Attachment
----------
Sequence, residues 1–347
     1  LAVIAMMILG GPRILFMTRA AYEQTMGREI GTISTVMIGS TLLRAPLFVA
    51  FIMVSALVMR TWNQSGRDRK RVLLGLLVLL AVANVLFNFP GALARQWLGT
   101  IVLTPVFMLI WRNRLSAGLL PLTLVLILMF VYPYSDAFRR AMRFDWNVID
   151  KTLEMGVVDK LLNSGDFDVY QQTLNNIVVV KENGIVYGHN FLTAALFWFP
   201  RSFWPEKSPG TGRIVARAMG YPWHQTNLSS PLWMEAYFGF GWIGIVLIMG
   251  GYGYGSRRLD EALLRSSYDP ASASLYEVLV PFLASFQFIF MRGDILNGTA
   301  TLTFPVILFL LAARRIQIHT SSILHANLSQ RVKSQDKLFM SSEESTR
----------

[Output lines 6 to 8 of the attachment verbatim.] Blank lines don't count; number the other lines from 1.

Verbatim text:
   201  RSFWPEKSPG TGRIVARAMG YPWHQTNLSS PLWMEAYFGF GWIGIVLIMG
   251  GYGYGSRRLD EALLRSSYDP ASASLYEVLV PFLASFQFIF MRGDILNGTA
   301  TLTFPVILFL LAARRIQIHT SSILHANLSQ RVKSQDKLFM SSEESTR